Public choice theory

The public choice theory asserts that state-owned media would manipulate and distort information in favour of the ruling party and entrench its rule and prevent the public from making informed decisions, which undermines democratic institutions.[11] That would prevent private and independent media, which provide alternate voices allowing individuals to choose politicians, goods, services, etc. without fear from functioning. Additionally, that would inhibit competition among media firms that would ensure that consumers usually acquire unbiased, accurate information.[11] Moreover, this competition is part of a checks-and-balances system of a democracy, known as the Fourth Estate, along with the judiciary, executive and legislature.[11]

Determinants of state control

Both theories have implications regarding the determinants and consequences of ownership of the media.[13] The public interest theory suggests that more benign governments should have higher levels of control of the media which would in turn increase press freedom as well as economic and political freedoms. Conversely, the public choice theory affirms that the opposite is true - "public spirited", benevolent governments should have less control which would increase these freedoms.[14]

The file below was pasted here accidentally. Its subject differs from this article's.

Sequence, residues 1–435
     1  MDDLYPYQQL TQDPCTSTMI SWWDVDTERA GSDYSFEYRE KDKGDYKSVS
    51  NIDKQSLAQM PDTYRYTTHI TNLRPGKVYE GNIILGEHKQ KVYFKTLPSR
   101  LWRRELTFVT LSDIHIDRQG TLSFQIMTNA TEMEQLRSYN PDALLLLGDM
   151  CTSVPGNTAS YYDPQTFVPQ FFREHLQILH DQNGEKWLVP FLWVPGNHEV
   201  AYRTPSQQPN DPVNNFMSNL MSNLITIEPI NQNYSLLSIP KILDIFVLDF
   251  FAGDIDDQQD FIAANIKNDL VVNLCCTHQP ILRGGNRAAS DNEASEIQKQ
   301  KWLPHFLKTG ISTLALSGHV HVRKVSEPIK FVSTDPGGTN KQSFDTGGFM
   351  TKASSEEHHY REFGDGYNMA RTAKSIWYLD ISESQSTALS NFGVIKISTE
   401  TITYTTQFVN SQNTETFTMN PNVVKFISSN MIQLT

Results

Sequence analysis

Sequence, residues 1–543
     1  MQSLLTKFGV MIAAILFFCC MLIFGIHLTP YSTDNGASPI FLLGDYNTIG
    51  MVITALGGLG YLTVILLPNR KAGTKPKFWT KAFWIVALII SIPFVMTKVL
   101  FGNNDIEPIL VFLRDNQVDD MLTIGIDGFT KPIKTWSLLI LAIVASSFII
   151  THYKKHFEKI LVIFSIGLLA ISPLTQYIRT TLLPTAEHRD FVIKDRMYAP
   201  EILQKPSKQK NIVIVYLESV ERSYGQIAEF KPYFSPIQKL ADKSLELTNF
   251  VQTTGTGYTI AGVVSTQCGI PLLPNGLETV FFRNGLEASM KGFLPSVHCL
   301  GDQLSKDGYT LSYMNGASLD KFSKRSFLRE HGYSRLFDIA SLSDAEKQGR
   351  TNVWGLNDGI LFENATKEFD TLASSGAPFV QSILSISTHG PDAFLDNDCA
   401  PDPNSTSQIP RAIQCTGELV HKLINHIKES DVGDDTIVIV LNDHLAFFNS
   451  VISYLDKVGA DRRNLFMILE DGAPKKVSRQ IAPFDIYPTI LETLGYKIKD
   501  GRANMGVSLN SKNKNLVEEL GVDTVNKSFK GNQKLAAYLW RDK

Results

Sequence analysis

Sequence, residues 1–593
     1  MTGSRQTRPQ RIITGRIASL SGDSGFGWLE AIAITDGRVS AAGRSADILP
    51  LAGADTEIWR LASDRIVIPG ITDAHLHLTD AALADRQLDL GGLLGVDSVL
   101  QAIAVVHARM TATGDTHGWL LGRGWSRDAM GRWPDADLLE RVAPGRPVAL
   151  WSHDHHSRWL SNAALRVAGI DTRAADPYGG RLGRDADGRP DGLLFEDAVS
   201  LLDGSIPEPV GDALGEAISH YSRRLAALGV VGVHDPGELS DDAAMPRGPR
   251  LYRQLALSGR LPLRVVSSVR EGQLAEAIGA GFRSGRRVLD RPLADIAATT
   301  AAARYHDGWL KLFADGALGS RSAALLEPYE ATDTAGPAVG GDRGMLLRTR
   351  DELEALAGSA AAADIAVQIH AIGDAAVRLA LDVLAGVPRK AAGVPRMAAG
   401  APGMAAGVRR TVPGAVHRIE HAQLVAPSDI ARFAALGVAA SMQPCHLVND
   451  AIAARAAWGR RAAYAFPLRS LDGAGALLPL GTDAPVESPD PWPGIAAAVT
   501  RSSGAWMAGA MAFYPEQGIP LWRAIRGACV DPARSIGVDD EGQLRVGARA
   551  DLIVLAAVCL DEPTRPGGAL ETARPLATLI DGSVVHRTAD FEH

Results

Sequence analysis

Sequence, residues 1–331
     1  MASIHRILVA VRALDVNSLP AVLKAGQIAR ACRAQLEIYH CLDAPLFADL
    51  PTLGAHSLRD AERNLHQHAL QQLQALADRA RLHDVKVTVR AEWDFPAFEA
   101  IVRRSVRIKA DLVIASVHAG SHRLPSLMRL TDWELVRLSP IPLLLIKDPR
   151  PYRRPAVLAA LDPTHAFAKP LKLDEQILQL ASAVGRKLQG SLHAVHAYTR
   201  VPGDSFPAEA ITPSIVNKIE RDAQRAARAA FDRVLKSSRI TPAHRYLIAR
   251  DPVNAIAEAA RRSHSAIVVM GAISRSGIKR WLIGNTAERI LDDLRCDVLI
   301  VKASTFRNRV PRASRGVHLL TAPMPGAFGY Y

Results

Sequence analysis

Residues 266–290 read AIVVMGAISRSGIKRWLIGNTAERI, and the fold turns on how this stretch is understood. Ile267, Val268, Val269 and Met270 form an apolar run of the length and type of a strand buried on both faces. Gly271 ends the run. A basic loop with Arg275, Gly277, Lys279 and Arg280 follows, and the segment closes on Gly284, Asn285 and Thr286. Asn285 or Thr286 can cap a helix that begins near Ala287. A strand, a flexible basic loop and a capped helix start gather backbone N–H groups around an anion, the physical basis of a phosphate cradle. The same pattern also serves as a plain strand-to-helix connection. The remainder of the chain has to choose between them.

Generally, state ownership of the media is found in poor, autocratic non-democratic countries with highly interventionist governments that have some interest in controlling the flow of information.[15] Countries with "weak" governments do not possess the political will to break up state media monopolies.[16] Media control is also usually consistent with state ownership in the economy.[17]

As of 2002, the press in most of Europe (with the exception of Belarus) is mostly private and free of state control and ownership, along with North and South America.[18] The press "role" in the national and societal dynamics of the United States and Australia has virtually always been the responsibility of the private commercial sector since these countries' earliest days.[19] Levels of state ownership are higher in some African countries, the Middle East and some Asian countries (with the exception of Japan, India, Indonesia, Mongolia, Nepal, the Philippines, South Korea, Taiwan and Thailand where large areas of private press exist.) Full state monopolies exist in Burma (under the military rule) and North Korea.[18]

Consequences of state ownership

Issues with state media include complications with press freedom and journalistic objectivity. According to Christopher Walker in the Journal of Democracy, "authoritarian or totalitarian media outlets" such as China's CCTV, Russia's RT and Venezuela's TeleSUR take advantage of both domestic and foreign media due to the censorship under regimes in their native countries and the openness of democratic nations to which they broadcast.[20]

Press freedom

2020 Press Freedom Index[21]